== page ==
The Crunching Power of Carlos Zarate
By Jim Amato
When the question comes up, “Who was the greatest fighter to come out of Mexico,” the answer is usually Julio Cesar Chavez. Some say Salvador Sanchez while others may say Ruben Olivares. These three are truly legendary fighters, although to me one other outstanding boxer from Mexico is Carlos Zarate.
Zarate began his career in 1970 and won his first fifty two fights with fifty one by knockout (clearly a simply amazing number). That being said, a lot of Zarate’s early opposition may have been in the words of Greg Haugen, when he questioned Chavez’s fine record, a bunch of Mexican taxi drivers. Well I don’t know if I’d go that far, but Carlos beefed up his record with some poor opposition yet he was also learning his trade and learning it well.
By 1974, Zarate was moving up in the ratings. During that time he stopped a tough fighter from Odessa, Texas named James Martinez. He then halted unbeaten Joe Guevara, as well as Orlando Amores, Benicio Sosa and Nestor Jimenez too.
In May of 1976, Zarate halted the talented Rodolfo Martinez in nine rounds to win the World Boxing Council bantamweight title, which would lead to a run of seven title defenses. In 1977, Zarate would meet World Boxing Association champion Alfonso Zamora in a non title match. Zarate won the “Battle of the Z Bombers” with a convincing fourth round kayo. In 1978, Zarate would turn back the challenge of future champion Alberto Davila.
Zarate decided to move up in weight and challenge the also undefeated Wilfredo Gomez for the WBC 122 pound title. The fight took place October 28, 1978 in Puerto Rico. The extremely gifted Gomez appeared to be too fast for Zarate. Wilfredo had Zarate down and the fight was stopped in the fifth round with Gomez retaining his title.
Zarate would drop back to 118 pounds where he would defend his WBC title one more time before meeting the tough Lupe Pintor. Zarate started well but Pintor came on strong in the later rounds. After fifteen rounds Pintor was awarded a very controversial decision and the title. In disgust Zarate would walk away from the game for nearly seven years.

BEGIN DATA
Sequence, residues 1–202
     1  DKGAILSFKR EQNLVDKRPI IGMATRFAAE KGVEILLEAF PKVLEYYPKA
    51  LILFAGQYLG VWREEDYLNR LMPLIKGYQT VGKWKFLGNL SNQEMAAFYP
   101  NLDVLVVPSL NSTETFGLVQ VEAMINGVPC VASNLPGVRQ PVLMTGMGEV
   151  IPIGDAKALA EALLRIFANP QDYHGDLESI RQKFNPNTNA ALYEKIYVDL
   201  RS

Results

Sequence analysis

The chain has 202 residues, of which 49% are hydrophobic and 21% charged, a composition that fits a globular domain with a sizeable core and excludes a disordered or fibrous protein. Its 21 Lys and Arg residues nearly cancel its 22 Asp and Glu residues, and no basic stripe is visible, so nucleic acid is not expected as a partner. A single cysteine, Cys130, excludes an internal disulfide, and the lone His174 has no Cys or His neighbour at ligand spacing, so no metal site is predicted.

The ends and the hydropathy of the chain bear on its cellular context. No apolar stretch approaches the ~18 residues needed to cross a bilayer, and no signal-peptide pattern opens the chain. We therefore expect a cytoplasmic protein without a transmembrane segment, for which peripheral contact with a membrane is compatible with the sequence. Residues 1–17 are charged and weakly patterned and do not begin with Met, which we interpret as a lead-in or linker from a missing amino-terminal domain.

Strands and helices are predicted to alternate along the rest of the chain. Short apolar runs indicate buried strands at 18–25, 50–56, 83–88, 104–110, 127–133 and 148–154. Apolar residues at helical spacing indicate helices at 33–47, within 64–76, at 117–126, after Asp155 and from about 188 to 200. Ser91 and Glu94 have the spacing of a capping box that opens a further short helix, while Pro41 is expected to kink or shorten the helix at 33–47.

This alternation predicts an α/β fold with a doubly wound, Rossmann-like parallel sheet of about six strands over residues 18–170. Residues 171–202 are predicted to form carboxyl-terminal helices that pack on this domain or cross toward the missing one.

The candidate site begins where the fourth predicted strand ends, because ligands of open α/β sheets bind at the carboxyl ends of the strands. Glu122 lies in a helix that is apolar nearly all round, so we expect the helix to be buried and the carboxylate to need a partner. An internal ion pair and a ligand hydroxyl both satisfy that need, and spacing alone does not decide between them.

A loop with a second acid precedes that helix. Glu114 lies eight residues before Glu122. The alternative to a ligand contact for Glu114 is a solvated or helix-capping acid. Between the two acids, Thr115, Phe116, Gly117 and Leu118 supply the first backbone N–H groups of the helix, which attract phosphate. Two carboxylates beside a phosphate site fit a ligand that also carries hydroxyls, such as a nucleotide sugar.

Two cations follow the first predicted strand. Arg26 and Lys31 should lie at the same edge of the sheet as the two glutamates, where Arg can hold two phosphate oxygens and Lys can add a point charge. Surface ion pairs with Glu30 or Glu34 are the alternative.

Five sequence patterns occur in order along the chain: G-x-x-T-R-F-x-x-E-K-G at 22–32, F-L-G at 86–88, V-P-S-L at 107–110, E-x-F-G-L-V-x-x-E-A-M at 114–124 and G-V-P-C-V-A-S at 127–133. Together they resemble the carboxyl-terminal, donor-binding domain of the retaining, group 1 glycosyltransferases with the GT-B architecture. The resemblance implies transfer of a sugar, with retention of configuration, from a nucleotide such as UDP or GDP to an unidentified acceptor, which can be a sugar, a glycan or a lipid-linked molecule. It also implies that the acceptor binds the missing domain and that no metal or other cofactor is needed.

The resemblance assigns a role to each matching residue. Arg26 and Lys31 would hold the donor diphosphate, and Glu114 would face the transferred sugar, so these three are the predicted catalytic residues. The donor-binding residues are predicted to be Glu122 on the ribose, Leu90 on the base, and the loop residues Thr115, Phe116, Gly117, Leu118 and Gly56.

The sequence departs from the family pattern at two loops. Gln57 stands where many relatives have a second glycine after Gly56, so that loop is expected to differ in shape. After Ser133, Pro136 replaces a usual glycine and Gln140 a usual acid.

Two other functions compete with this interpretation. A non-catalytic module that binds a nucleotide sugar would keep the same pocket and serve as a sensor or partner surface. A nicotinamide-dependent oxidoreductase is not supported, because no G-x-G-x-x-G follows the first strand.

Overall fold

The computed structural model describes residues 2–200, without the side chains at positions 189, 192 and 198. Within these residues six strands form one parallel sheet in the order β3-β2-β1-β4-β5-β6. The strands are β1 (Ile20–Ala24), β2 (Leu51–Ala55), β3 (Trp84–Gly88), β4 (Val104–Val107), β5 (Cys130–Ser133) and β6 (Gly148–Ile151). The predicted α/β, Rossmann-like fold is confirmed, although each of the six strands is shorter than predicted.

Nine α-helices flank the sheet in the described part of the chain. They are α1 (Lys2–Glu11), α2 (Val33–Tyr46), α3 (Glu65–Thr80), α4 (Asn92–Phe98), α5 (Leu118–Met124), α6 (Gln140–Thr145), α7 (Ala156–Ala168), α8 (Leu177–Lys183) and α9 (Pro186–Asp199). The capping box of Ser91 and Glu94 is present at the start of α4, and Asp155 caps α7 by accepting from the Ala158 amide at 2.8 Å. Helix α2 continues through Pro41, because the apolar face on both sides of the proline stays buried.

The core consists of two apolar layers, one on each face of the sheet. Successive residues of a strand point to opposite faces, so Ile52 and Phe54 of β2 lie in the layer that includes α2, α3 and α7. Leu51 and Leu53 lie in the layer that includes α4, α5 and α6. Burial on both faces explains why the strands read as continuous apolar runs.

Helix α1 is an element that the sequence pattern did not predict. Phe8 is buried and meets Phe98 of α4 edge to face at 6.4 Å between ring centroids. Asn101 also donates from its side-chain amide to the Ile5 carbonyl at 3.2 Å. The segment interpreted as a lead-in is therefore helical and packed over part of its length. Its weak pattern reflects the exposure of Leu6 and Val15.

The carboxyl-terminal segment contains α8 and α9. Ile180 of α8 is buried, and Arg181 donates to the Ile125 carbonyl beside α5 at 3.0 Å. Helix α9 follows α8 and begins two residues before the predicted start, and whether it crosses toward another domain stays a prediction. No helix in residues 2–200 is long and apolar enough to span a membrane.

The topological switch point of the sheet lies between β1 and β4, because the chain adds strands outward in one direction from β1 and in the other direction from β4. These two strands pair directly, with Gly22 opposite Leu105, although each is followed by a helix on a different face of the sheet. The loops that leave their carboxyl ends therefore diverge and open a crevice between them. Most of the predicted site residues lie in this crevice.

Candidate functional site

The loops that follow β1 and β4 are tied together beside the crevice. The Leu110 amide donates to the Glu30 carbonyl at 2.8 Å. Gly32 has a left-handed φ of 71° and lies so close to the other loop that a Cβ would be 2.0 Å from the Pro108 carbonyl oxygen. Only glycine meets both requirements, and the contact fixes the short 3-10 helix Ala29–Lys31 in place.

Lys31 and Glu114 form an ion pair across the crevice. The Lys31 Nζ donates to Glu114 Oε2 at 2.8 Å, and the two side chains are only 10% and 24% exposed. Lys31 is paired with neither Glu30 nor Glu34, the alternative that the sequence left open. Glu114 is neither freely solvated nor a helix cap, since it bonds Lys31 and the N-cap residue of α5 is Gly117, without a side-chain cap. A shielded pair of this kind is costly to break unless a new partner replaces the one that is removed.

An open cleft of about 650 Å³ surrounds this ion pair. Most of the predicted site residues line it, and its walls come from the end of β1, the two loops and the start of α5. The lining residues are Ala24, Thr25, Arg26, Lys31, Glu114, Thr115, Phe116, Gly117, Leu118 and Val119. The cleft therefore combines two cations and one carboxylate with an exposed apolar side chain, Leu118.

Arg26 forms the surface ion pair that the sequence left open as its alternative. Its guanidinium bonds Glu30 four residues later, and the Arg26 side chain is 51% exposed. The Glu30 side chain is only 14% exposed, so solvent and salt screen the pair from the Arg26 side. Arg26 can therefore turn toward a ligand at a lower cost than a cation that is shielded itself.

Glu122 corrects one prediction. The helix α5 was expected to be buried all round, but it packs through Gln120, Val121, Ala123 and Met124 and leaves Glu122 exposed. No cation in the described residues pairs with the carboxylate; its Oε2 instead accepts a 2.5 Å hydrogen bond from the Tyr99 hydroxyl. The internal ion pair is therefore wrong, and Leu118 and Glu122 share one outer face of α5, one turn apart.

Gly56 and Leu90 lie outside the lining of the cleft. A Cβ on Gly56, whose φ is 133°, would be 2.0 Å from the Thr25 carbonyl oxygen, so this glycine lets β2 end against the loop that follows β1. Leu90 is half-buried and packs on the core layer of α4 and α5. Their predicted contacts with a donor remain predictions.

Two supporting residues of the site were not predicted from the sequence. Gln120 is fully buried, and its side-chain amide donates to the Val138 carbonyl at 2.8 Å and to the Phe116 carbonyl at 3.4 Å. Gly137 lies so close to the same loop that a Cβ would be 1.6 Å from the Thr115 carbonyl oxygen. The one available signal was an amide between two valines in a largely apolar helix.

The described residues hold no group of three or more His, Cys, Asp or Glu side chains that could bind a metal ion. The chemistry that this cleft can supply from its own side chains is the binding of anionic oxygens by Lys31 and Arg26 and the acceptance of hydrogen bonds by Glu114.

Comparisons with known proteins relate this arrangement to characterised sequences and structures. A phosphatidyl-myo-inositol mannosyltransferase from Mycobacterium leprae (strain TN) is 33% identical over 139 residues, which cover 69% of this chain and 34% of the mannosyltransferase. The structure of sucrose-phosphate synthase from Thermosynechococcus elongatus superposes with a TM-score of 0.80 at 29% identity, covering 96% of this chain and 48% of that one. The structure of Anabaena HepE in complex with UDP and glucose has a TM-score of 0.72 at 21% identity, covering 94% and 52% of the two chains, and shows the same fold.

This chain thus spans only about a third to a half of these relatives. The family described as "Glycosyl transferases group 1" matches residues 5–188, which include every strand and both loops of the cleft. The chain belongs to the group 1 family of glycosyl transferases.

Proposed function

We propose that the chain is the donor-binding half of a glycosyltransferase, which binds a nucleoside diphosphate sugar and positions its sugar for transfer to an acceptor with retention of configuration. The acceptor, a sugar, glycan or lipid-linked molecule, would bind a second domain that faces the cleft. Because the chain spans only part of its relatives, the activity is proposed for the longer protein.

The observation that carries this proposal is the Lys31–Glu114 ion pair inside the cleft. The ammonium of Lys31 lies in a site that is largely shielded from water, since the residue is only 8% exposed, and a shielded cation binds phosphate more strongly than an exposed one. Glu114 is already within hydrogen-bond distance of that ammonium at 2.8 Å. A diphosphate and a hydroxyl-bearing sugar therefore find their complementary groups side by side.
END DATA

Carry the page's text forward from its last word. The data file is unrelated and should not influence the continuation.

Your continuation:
Zarate returned in 1986 and would reel off twelve more wins, ten by knockout. In 1987 he took on Australian sensation Jeff Fenech for the WBC super bantamweight title. Jeff held on to his crown by a technical decision in four rounds. On February 29, 1988 Zarate met Daniel Zaragoza for the vacant WBC 122 pound title. The rugged Zaragoza stopped Zarate in the tenth round. It would be Zarate’s last fight.
In all, Carlos Zarate had 70 fights winning 66 with 63 knockouts. He was tall and rangy. He had a stiff jab and a booming overhand right. He also had one of the best left hooks to the liver I have ever seen. Three of his four losses were to boxers now enshrined in the International Boxing Hall Of Fame. To me he has to rank among the best bantamweights of all time as well as one of the greatest Mexican fighters.
Jim Amato is a participating member of both the Boxing Writers Association of America and the International Boxing Research Organization. He is a longtime correspondent of sport, both inside and outside the ring, and he is currently the president and owner of Amato Sports Memorabilia. Jim’s other works and “Legends of Leather” articles can be found at http://boxinggreats.multiply.com.